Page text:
except CellExecutionError:
    msg = 'Error executing the notebook "%s".\n\n' % notebook_filename
    msg += 'See notebook "%s" for the traceback.' % notebook_filename_out
    nbformat.write(nb, open(notebook_filename_out, mode='wt'))

This will save the executed notebook regardless of execution errors. In case of errors, however, an additional message is printed and the CellExecutionError is raised. The message directs the user to the saved notebook for further inspection.

As a last scenario, it is sometimes useful to execute notebooks which raise exceptions, for example to show an error condition. In this case, instead of stopping the execution on the first error, we can keep executing the notebook using the traitlet allow_errors (default False). With allow_errors=True, the notebook is executed until the end, regardless of any error encountered during the execution. The output notebook, will contain the stack-traces and error messages for all the cells raising exceptions.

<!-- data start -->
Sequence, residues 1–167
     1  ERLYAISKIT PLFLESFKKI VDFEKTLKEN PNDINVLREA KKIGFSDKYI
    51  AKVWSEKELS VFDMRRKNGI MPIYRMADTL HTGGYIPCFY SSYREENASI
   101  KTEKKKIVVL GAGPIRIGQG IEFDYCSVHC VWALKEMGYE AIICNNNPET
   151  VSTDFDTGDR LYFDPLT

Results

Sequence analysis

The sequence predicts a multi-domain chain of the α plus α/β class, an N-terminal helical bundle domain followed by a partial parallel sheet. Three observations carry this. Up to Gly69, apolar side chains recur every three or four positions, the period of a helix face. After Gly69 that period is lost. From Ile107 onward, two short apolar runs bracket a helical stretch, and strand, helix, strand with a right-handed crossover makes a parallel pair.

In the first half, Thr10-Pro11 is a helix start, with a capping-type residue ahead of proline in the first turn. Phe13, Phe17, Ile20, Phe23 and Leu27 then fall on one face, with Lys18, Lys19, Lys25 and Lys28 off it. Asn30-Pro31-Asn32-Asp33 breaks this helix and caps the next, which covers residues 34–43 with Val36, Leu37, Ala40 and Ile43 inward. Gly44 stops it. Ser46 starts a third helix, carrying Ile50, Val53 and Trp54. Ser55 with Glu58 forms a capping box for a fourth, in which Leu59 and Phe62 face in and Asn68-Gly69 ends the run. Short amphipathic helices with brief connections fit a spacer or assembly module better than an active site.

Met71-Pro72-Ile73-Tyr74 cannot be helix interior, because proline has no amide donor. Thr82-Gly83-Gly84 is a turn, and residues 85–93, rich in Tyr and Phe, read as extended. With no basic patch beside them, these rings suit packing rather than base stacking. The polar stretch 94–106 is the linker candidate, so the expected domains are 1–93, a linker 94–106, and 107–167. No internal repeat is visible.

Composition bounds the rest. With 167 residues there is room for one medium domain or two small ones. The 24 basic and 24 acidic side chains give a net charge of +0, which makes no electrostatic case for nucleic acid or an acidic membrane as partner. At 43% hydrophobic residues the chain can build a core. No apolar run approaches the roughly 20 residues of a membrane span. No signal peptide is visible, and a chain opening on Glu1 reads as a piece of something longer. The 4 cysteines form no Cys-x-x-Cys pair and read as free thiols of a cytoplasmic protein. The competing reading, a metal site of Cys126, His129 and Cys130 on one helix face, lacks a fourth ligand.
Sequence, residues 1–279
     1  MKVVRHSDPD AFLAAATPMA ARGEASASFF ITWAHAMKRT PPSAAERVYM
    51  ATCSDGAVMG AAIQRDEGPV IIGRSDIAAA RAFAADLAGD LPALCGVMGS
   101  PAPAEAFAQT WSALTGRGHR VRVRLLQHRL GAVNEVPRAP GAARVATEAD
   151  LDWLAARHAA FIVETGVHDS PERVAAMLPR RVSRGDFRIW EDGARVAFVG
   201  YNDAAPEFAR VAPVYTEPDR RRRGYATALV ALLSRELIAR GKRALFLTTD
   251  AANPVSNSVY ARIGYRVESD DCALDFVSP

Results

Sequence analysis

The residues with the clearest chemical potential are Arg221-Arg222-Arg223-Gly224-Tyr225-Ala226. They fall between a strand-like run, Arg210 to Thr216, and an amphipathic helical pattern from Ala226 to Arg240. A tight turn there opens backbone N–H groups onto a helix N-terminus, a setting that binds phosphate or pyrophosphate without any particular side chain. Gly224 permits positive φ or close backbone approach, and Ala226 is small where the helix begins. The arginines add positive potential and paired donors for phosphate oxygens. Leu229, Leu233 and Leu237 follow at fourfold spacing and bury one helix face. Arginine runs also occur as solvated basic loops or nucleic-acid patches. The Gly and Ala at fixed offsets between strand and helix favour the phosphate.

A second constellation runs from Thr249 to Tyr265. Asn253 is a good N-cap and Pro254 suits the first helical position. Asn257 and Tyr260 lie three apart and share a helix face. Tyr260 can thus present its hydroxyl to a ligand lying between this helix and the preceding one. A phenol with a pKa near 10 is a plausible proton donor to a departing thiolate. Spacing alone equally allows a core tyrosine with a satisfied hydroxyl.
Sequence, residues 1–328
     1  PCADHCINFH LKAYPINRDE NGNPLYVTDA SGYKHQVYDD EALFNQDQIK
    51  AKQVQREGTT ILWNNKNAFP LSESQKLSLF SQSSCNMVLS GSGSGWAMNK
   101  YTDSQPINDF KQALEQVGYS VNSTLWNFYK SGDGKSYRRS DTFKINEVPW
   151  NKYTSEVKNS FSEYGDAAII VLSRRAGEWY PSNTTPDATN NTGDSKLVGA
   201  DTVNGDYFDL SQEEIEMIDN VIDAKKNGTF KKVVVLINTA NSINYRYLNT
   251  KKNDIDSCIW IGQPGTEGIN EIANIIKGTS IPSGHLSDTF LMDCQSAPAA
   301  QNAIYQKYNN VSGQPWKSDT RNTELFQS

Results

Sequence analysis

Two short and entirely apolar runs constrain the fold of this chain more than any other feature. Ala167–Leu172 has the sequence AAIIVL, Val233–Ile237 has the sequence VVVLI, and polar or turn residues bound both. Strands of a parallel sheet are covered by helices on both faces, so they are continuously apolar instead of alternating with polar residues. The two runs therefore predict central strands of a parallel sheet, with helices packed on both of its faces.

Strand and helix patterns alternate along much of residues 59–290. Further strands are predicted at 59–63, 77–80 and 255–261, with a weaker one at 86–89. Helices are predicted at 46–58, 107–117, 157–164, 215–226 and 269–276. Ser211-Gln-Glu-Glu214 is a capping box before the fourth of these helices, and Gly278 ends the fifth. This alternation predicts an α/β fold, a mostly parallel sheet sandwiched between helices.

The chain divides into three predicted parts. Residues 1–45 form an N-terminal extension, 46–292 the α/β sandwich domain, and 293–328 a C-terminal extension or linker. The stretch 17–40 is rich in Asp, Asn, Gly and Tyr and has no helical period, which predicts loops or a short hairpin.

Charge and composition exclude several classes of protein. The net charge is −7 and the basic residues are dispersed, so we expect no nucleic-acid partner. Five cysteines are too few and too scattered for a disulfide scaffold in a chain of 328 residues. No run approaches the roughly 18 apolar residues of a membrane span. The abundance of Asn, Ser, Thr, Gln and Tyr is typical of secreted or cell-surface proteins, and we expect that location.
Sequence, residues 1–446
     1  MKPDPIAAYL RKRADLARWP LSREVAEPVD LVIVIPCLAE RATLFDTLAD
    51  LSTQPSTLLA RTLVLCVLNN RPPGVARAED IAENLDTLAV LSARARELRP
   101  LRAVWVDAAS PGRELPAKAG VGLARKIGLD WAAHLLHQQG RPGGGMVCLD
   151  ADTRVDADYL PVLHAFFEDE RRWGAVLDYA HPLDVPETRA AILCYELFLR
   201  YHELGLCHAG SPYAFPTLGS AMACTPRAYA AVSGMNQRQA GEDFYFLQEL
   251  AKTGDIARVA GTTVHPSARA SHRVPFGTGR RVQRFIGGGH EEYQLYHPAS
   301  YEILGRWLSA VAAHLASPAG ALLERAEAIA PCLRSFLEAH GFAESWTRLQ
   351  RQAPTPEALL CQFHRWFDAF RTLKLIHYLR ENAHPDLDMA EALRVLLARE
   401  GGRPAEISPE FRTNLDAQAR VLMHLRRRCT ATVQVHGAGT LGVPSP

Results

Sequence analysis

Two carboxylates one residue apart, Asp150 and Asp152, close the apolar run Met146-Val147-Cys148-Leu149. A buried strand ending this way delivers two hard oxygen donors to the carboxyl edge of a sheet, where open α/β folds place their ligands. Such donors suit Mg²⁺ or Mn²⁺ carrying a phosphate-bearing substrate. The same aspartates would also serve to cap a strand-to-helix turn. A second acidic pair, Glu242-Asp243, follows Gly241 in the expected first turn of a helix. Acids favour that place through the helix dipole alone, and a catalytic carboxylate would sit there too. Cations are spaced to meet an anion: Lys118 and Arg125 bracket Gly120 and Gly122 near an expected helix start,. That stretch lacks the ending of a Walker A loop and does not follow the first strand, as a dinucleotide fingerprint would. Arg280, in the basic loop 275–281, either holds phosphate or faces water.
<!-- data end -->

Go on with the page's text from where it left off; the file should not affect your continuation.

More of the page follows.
Automating notebook execution can save time, facilitate testing and increase robustness of computational pipelines base on notebooks. nbconvert serves the basic execution needs for most projects and has the benefits of being a standard Jupyter component.

Another project worth mentioning is runipy, which a few years ago was the only easy way to run notebooks in batches.

A natural extension to executing notebooks programmatically is passing arguments, for example to select data files or analysis parameters. You can find an experimental implementation of parameter passing in nbrun.